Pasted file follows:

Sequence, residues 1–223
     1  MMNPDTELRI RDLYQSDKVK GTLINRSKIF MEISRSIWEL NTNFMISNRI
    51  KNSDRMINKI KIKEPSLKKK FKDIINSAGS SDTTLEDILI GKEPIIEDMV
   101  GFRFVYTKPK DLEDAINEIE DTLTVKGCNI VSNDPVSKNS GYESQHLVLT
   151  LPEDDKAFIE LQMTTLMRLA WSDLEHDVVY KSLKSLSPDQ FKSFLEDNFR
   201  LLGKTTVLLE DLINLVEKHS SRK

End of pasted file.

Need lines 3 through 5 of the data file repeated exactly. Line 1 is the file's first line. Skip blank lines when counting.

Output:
    51  KNSDRMINKI KIKEPSLKKK FKDIINSAGS SDTTLEDILI GKEPIIEDMV
   101  GFRFVYTKPK DLEDAINEIE DTLTVKGCNI VSNDPVSKNS GYESQHLVLT
   151  LPEDDKAFIE LQMTTLMRLA WSDLEHDVVY KSLKSLSPDQ FKSFLEDNFR